Friday, May 24, 2013

Short Story Month - Barry Hannah

May is Short Story Month and my pick for today is Barry Hannah. We're in the American South
again today, in Mississippi. It doesn't get any more American Southern than this, my friends. Land of the Klan, delta blues, catfish as big as your leg, King Cotton and Jefferson Davis. This stew produces the richest regional fiction this country has to offer. The thing to remember is this: there is really no such thing as the past in Mississippi. The past is present, always.

Barry Hannah was a novelist and a shorty story writer and a miracle. He formed one leg of a sort of literary triumvirate along with Pat Conroy and Larry Brown, direct cultural descendants of Faulkner and Tennessee Williams. Born in Meridian in 1942, he lived in Mississippi all his life, save a couple of brief sojourns hither and yon. Hannah grew up in Clinton and earned a BA in lit at Mississippi College, followed by a MA and MFA at the University of Arkansas.

His first novel was Geronimo Rex (1972), which was greeted with a William Faulkner Prize and a nomination for the National Book Award. Quite the beginning. His first short story collection was Airships (1978), most of which was first published in Esquire. Another collection, High Lonesome (1996), was nominated for a Pulitzer. Hannah taught creative writing at the Iowa Writers' Workshop, the University of Alabama and Texas State University, among others. As the director of the MFA program at the University of Mississippi (Ole Miss, Oxford), he served as teacher and mentor to some truly outstanding talents: Larry Brown, Donna Tartt, and Bob Shacochis, to name just a few. Hannah produced eight novels and five short story collections before his sudden death of a heart attack in 2010. This is a complete bibliography. Go here for a complete list of awards.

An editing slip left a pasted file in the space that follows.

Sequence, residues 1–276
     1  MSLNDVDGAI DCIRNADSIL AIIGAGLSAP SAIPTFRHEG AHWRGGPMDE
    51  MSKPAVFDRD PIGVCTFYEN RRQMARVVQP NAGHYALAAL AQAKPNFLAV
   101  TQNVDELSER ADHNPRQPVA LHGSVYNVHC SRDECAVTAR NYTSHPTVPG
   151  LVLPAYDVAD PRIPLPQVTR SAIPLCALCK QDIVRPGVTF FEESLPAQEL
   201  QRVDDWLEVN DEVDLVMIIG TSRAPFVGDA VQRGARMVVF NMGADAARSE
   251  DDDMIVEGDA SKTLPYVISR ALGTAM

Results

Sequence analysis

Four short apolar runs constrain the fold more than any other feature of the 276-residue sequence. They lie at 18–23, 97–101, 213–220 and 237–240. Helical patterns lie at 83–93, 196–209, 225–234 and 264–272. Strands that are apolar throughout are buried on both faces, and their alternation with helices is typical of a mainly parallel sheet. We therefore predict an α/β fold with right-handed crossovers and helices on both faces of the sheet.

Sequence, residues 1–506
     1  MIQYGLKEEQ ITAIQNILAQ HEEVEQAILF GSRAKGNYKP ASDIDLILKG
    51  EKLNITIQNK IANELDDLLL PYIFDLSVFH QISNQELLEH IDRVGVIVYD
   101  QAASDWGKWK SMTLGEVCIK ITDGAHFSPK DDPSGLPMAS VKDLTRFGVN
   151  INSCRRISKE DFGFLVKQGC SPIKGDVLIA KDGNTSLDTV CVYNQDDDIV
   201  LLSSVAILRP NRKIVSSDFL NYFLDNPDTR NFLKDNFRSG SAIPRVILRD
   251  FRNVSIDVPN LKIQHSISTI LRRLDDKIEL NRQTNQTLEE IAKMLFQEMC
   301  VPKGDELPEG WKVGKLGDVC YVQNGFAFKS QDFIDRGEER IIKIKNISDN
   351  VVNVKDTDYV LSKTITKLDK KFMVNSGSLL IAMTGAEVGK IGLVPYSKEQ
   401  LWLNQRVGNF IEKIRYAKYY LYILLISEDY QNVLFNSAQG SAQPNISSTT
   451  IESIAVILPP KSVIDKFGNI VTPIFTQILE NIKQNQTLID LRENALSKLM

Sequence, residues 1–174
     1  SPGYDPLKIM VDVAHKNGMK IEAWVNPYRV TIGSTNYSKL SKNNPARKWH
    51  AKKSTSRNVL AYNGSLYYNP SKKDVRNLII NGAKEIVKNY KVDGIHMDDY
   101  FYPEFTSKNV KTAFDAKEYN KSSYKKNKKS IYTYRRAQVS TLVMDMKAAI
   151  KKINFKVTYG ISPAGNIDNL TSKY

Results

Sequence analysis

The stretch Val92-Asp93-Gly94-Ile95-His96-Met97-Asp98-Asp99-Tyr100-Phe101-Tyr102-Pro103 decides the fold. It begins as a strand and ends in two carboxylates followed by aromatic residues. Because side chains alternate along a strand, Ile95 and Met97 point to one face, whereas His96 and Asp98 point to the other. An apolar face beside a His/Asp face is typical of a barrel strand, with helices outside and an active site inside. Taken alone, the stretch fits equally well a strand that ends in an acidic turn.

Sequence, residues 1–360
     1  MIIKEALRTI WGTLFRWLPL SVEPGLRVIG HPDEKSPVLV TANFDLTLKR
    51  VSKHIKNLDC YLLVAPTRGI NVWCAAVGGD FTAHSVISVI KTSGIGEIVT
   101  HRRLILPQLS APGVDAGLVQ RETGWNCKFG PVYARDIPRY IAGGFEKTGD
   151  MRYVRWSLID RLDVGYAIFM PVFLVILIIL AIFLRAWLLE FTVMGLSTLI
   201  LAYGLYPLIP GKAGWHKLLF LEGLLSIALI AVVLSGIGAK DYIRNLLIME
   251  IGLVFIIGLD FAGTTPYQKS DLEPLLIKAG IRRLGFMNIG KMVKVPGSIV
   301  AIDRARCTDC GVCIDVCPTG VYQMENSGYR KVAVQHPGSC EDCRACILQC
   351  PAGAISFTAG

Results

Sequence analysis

Larry Brown, Barry Hannah

Our story is "Water Liars," from Airships.

[Sadly, Larry Brown, Hannah's great friend and colleague, also succumbed to sudden, rude death from a heart attack in 2004. This is a lovely article written by Wells Tower, one of Hannah's students. It chronicles an afternoon spent with Hannah, looking for Brown's grave. It serves as a lovely eulogy for both men.]

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